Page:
Henry Moore's sculpture, "Large
Arch," which centers the Cleo Rogers
Memorial Library plaza, was commissioned at the suggestion
of I. M. Pei, architect of the library
building. He wanted Henry Moore to design a sculpture that would
serve as a focal point to control the space of the plaza between
two architectural masses presented by the library and by Eliel
Saarinen's First Christian Church with its towering campanile.
"Large Arch" was given by Mr. and Mrs. J. Irwin Miller to Bartholomew County Public Library to create the plaza's center. Mr. Moore, considered one of the greatest artists of the twentieth century, was 73 years old when he created this sculpture.
The organic quality of "Large Arch" is a direct contrast to the geometric shapes of the nearby buildings. It reflects primitive simplicity and the power evident in onolithic sculpture of the past. It is 20 feet tall, 12 feet wide and weighs five and one-half tons. The patina has always been a rough green and has changed little over the years.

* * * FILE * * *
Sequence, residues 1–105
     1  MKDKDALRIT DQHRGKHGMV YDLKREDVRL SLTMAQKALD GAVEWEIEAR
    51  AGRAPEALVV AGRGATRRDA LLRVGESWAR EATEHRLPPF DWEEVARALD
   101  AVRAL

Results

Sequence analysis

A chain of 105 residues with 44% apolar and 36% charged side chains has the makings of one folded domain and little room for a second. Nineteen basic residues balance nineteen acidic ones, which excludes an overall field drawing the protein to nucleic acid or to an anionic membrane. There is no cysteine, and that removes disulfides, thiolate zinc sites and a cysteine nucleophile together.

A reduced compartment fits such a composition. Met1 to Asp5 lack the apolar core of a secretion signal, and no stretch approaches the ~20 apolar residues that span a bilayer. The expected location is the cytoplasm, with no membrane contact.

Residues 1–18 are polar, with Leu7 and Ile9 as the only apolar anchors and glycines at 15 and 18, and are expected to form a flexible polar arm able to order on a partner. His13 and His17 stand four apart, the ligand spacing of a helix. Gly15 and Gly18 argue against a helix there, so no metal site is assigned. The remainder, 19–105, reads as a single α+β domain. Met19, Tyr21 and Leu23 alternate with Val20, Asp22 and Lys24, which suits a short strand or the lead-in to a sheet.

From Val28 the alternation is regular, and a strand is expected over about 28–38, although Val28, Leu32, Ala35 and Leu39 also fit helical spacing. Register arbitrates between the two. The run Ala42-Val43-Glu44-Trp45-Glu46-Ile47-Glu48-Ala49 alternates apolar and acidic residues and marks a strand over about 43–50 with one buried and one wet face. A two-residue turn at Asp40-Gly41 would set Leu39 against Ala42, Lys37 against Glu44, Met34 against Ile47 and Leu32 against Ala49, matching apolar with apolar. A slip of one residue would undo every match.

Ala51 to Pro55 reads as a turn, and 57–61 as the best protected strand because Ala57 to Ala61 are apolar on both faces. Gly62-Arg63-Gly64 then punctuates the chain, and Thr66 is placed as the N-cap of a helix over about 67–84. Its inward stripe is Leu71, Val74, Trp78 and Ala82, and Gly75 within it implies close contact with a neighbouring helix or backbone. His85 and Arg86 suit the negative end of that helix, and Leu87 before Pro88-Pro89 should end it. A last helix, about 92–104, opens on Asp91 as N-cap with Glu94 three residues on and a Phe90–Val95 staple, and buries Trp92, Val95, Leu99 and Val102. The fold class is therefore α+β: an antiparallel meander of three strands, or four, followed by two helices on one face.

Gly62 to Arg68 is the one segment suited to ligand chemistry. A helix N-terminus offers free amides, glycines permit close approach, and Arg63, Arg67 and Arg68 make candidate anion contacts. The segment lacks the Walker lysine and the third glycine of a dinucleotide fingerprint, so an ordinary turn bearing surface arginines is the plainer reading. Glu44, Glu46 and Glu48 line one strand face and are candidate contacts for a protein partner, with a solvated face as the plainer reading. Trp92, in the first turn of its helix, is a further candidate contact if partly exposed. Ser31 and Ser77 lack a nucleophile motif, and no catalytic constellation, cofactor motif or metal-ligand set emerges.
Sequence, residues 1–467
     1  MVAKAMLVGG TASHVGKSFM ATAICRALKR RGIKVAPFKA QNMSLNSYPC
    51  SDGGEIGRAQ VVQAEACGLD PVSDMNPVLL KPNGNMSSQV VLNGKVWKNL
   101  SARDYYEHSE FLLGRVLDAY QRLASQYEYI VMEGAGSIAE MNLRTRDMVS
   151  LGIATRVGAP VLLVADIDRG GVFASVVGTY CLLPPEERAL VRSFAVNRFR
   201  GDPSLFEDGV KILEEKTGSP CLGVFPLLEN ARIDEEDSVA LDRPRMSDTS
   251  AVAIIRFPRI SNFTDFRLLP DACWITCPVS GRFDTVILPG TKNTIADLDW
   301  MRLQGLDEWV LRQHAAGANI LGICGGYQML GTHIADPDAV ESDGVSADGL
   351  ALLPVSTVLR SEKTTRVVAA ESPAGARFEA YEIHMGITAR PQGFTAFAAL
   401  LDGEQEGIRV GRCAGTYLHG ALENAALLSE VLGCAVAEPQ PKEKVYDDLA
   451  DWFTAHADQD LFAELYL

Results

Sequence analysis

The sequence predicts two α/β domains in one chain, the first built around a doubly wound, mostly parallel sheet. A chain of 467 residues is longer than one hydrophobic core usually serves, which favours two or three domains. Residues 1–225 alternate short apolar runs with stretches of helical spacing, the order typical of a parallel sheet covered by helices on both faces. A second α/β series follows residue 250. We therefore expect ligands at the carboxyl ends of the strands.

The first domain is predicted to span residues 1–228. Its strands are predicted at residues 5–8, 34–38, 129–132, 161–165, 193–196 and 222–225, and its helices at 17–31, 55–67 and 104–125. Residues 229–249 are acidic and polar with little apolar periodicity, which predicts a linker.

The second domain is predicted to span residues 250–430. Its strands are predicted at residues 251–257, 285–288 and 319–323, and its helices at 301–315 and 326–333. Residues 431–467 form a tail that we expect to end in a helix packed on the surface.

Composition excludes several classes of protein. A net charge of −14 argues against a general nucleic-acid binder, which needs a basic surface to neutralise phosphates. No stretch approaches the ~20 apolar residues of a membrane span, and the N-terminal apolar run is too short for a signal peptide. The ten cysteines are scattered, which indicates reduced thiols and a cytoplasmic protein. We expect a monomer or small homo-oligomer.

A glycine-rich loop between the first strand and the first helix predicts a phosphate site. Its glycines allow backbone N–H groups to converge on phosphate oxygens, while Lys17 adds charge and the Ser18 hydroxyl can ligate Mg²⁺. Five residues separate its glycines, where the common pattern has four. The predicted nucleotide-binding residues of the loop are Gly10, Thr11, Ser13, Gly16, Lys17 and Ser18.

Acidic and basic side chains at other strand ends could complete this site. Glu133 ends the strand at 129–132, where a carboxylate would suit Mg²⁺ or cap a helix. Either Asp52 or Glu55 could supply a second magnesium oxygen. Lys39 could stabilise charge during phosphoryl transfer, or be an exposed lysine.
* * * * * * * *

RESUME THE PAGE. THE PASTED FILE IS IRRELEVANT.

It was designed in Mr. Moore's studio at his home in Much Hadham in England and sandcast in bronze in fifty sections at the Herman Noack foundry in West Berlin, Germany. The pieces, one-fourth to one-half inch thick, were welded with invisible seams. "Large Arch" was shipped to the United States in a single piece.
The green patina is a natural aged look for bronze, if in a climate free of air impurities, and was created through a special process, directed personally by Mr. Moore at the foundry.
"Large Arch" is an enlarged version of "Large Torso; Arch" which was sculpted 1962-1963. Seven castings were made of this small arch. One is housed at the Sculpture Court at the Museum of Modern Art in New York City. One additional "Large Arch" was completed for Henry Moore's home, the Hoglands, in Much Hadham, Hertfordshire, England.
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